How To Ensure Your Organization Lives And Breathes Donor Stewardship

Let me guess… you’d like to raise more money, but you’re not sure how? Well, let me ask you this, where does donor stewardship rank on your (seemingly endless) to-do list? Think about it before you answer. Think about the amount of time and effort you put into donor care vs. other activities. Are you really making stewarding donors a top priority? Probably not.

I bet you’ve read all the stats on donor retention. You know that it’s cheaper to raise money from an existing donor than to find a new one. But still, you aren’t allocating as much time to donor relations as you should. Why not? It’s likely because you have things on your plate that are easier or more fun so you put it in the “later” pile.

How do you change that?

Donor relations need to be woven into your non-profit’s culture. It can’t be an afterthought. It needs to be on the minds of all your staff and board members. No exceptions.

1. Include the entire organization

  • Ensure the entire organization understands the importance of donor retention

  • Have the people of the ground (caregivers, social workers, volunteers, engineers) send updates about the success of programs and individual success stories, which your development/marketing team can share with donors

2. Make it part of employee job descriptions

  • Ensure that it’s part of employee descriptions, onboarding, training, and professional development plans

  • Set employee retention/donor stewardship goals and have performance reviews to ensure those goals are being hit

3. Add it to the schedule

  • Hand write a dozen thank you notes before you turn on your computer each day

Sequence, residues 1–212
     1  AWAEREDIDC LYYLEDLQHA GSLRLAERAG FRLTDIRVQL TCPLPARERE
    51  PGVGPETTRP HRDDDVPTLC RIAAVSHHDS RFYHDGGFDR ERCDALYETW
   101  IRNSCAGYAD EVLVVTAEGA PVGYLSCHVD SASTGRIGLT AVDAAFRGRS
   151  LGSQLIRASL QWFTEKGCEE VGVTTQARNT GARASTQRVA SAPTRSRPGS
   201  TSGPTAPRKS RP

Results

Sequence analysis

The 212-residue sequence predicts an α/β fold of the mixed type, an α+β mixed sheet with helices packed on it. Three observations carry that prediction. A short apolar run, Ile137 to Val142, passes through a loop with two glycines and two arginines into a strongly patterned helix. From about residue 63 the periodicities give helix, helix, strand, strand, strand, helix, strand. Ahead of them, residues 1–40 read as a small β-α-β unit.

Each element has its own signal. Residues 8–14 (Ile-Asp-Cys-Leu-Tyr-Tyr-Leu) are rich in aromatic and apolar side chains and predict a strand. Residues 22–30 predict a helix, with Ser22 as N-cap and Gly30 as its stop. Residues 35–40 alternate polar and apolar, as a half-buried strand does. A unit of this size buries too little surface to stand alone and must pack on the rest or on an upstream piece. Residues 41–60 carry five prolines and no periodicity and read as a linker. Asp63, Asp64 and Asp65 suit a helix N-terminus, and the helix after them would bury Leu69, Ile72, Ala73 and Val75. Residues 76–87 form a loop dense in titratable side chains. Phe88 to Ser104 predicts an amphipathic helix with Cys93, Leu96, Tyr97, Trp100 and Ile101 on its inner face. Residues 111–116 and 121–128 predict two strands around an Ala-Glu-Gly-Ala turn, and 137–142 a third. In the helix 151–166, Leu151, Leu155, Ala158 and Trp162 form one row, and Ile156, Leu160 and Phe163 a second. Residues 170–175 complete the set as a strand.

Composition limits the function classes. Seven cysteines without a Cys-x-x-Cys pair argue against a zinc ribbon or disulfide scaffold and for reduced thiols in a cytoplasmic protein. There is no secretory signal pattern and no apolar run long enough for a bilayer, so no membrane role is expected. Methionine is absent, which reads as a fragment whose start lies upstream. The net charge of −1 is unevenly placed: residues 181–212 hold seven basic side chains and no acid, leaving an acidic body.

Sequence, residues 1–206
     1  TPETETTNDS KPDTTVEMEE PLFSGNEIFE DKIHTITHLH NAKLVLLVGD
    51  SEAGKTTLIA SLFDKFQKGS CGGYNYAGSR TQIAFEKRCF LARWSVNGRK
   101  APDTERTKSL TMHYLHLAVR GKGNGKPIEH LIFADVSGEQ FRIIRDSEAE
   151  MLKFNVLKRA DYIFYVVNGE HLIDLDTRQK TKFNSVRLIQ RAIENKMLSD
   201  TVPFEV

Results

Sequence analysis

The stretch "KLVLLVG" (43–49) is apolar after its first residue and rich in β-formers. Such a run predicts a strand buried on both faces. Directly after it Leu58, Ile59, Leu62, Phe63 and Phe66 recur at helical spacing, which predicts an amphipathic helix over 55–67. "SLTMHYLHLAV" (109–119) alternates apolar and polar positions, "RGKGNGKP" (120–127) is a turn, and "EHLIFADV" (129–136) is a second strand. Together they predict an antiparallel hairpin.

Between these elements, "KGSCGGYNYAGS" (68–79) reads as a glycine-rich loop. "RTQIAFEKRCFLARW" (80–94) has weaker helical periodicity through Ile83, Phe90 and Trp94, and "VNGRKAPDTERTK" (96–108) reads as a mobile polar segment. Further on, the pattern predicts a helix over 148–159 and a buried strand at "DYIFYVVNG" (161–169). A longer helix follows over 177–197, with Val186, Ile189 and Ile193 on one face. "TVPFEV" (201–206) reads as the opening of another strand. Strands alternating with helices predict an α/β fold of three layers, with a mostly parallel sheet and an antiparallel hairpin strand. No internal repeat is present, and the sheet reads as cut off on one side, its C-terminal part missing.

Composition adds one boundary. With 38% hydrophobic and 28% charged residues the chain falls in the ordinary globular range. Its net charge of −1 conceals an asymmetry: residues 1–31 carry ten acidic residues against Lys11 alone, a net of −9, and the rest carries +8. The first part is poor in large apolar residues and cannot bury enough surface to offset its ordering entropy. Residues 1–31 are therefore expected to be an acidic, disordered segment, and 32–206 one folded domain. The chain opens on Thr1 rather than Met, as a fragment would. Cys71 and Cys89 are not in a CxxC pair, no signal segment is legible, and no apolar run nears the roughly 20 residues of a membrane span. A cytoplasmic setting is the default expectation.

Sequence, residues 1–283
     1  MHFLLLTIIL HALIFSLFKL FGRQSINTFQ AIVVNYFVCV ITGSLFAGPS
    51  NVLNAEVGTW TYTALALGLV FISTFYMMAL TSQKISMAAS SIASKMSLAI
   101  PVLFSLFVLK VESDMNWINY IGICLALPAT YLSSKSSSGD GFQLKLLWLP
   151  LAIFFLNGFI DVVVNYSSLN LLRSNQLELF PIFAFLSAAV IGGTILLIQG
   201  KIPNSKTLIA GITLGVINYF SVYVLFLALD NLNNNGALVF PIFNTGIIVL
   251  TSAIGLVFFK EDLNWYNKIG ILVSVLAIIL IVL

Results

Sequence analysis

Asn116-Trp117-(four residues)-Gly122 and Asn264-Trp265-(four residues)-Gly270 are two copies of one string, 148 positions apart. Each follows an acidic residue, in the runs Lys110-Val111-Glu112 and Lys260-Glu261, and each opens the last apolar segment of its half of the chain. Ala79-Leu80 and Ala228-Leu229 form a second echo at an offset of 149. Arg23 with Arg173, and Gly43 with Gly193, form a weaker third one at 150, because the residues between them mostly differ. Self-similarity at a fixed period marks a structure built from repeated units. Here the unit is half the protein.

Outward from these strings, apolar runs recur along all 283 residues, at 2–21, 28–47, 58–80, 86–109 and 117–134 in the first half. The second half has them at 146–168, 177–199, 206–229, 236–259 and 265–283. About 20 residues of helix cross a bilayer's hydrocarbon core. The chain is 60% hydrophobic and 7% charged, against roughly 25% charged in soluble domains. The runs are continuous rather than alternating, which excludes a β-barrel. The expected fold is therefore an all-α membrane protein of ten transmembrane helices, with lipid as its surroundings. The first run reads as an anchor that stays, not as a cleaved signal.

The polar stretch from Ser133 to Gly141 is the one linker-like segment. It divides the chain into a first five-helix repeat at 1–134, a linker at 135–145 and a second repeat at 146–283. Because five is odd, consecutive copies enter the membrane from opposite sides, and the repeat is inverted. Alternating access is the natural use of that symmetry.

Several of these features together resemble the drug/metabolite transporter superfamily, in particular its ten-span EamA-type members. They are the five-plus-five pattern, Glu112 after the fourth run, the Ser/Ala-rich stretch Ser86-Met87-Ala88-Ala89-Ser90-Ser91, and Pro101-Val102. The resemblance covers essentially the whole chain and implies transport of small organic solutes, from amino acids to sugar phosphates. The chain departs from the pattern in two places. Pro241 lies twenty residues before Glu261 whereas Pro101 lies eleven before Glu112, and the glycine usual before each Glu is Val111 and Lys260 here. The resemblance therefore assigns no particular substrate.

• Include your staff members in this initiative

    • If board members are willing, include them too

  • Schedule time monthly to make thank you calls

    • Once again, include board members and staff members if possible

4. Make it easy

  • Provide staff members/board members with all the supplies they’ll need to write the notes

    • Give them the language and templates

    • Give them the envelopes and stamps (or email addresses)

    • Give them a weekly list of donors

The fact of the matter is, donor retention is essential to the health and success of your organization and good donor relations are the key to donor retention. Don’t ignore your current donors in favour of chasing new donors. Instead, create an organizational culture that’s based on caring about your donors. Ensure that donor stewardship is top of mind for every member of your organization, from board member to volunteer. Do that and you’ll ensure you build a healthy organization.

 

Like this post? Subscribe to our mail list for more offers!

More Resources

3 Awesome Donor Stewardship Ideas That Will Help You Raise More (Read Time: 2.5 mins)

4 Ways to Ensure Your Nonprofit Event Promotes Donor Stewardship (Read Time: 2.5 mins)

Tool Tips Tuesday: 3 tools for better donor stewardship! (Read Time: 2 mins)

 

Image Cred: Image 1, SnoShuu, Image 2, David A. Bailey, jr